Tuesday, June 19, 2007

Why Orality Matters

I have set aside my Valentinian study for a while, to turn to my research on memory and orality. As I am reading and inspired today by a version of an article by Werner Kelber (pre-publication, my thanks to him), I am struck by the beauty of the emerging paradigm in orality-scribality studies, and I will rejoice when/if it replaces the old post-Gutenberg mentality that has such a stranglehold on our field. Here are some questions that I'm facing as I read. These are questions that I do not face alone, but that I think are facing our field. Whether our field will face up to them is another question!
  • What does it mean to our field that the ancient written texts lived and were experienced as vocalized and memorial texts?
  • What does it mean that there was no authoritative written version of any scripture?
  • What does it mean that scribal activity was not the simple copying of texts, but was intertwined with memorization and recitation? That the scribal interiorization of the traditions allowed the scribe to rewrite the tradition without any need of a physical text?
  • What does it mean that the function of writing a text is unlike that of our own today?
  • What does it mean that a sacred text was read or recited and then orally explained in a communal setting? That it was a living text of ongoing revelation?
By fate or providence, Werner Kelber just dropped by my office. So as I return to finish this post, I am refreshed by our conversation. We talked about the questions I just raised in this post and we came to a couple of conclusions.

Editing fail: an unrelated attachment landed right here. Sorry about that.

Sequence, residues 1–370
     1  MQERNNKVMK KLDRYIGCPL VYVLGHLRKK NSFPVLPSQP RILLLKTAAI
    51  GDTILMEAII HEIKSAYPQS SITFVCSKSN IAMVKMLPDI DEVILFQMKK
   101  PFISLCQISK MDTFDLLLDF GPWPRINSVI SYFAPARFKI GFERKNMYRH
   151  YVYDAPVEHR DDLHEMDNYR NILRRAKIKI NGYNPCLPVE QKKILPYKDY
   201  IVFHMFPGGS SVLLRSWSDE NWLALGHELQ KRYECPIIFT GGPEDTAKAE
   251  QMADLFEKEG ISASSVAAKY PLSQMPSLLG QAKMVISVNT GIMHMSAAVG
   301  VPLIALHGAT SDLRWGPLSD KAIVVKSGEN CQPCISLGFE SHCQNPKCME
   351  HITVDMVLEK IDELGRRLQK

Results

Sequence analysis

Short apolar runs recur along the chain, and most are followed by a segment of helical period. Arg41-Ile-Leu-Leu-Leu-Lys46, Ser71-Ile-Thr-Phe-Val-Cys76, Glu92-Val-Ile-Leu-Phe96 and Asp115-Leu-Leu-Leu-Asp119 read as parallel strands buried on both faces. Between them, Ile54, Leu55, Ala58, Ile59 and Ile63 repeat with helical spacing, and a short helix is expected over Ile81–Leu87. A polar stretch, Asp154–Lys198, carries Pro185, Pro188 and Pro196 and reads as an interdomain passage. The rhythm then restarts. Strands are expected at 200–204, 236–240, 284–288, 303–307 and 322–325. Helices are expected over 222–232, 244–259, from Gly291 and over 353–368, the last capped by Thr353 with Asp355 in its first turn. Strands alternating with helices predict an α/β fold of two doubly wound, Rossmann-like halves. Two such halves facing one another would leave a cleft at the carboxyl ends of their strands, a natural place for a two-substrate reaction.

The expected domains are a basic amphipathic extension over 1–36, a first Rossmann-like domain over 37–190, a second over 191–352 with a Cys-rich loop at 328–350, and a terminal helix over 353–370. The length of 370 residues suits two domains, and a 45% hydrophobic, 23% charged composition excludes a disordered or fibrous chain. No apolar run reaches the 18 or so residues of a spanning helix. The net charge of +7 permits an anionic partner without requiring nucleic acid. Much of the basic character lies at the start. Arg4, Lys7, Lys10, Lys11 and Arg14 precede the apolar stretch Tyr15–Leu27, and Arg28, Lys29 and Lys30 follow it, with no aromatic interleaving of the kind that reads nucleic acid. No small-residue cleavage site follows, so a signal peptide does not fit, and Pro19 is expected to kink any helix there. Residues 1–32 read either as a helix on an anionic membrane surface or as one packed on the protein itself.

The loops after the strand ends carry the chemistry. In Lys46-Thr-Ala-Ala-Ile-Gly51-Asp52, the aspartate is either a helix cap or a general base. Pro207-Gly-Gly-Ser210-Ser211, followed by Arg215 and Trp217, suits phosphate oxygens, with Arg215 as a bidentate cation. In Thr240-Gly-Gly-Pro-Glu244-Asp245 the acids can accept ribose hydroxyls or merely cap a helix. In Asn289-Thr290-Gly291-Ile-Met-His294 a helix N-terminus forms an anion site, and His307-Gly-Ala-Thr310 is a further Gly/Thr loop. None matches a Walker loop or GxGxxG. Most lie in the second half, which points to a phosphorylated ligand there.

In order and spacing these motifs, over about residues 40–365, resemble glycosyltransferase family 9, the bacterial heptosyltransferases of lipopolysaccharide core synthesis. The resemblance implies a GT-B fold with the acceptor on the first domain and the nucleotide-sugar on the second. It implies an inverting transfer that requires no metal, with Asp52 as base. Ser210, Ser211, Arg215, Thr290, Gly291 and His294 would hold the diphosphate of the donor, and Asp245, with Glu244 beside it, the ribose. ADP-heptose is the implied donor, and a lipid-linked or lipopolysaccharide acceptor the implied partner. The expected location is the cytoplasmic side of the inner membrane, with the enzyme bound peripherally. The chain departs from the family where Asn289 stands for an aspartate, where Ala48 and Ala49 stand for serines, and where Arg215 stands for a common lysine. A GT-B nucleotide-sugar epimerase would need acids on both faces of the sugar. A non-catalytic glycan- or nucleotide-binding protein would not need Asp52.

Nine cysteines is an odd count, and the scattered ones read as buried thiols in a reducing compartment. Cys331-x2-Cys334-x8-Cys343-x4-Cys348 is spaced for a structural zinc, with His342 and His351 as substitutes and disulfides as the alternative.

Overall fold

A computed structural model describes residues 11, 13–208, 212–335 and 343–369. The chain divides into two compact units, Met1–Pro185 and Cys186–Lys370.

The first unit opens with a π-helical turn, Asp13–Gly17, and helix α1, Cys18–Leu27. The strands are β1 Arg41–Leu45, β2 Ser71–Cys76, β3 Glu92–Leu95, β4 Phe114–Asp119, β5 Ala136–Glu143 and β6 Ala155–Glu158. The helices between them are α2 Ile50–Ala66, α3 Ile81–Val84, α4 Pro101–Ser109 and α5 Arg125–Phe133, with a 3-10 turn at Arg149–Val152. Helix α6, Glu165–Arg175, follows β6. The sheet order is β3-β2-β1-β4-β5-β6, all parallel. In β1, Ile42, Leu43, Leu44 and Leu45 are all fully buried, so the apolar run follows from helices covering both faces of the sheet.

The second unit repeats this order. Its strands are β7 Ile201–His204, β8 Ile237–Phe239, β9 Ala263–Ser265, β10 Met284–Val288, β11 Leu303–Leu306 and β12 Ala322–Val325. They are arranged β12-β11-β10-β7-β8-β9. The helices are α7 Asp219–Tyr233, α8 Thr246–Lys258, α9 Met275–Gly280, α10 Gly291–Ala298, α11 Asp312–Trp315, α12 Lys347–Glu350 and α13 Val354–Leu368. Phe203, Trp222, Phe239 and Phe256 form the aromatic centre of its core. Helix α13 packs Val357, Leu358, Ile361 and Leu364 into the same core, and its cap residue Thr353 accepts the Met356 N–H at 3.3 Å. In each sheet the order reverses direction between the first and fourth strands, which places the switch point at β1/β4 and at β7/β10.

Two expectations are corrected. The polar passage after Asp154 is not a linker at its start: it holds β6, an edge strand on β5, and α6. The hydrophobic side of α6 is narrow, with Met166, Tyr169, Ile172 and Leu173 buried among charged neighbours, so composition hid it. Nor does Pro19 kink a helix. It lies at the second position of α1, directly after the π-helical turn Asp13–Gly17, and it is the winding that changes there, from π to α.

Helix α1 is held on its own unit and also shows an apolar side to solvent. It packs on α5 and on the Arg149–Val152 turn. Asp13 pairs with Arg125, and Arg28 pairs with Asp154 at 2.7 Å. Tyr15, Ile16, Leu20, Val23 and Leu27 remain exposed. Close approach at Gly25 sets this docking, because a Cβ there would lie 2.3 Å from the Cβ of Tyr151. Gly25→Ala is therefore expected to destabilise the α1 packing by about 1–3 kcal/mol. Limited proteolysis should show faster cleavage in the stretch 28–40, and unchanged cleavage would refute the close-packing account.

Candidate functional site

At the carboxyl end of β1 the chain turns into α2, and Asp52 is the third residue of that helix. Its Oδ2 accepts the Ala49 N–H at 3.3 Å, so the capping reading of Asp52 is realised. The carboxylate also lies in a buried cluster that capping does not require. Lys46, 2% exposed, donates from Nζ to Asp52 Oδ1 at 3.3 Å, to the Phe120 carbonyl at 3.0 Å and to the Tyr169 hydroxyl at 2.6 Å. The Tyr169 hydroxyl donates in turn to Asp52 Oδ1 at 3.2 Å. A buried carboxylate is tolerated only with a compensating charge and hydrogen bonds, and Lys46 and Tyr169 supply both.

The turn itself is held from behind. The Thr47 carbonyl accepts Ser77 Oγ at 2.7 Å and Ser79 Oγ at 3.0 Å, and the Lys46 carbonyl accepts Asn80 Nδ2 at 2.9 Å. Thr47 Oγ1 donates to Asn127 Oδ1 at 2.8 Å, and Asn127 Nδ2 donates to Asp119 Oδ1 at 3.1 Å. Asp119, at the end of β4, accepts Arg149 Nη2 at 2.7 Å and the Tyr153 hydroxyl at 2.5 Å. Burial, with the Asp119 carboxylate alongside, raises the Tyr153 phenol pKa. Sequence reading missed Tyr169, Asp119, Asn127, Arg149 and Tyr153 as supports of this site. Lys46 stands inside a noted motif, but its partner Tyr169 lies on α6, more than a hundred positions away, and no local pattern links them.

• The literate model is engrained in us, so deeply that it is a struggle to break out of it. We are trained to think in terms of literary production, editing, redacting, manuscripts, recensions, variants in ways discordant with the actual living activities of the ancient oral-scribal realities.
  • The Synoptic Problem is not a literary problem (at least as we have imagined it). It is a more complex problem that needs to be reassessed from the living reality of oral-scribal culture.
  • This is too heavy. It's time for lunch.


Jared Calaway said...

Have you read David Carr's _Writing on the Tablet of the Heart: Origins of Scripture and Literature_? He deals with these questions primarily from an Ancient Near East/Hebrew Bible point of view, but does go forward into early Christian and Rabbinic matrixes of the interface between oral and written.

April DeConick said...

Hi Jared,

I was thinking of Carr whose book is excellent.

geoffhudson.blogspot.com said...


You write of "the beauty of the emerging paradigm in orality-scribality studies". This is pretty high-sounding stuff that might make one think that the process was entirely innocent. I take a much more jaundiced view of the process, particularly in relation to the NT which contains so much obvious change. Thus so-called 'living text' was deliberately altered text, or created text that was inserted to follow an agenda that you may call tradition, but which may well have been ecclesiastical or political. Thus if the scribes vocalised or memorised texts, they vocalised or memorised what suited them or more likely their employers, be it church or state. The process was far from pretty.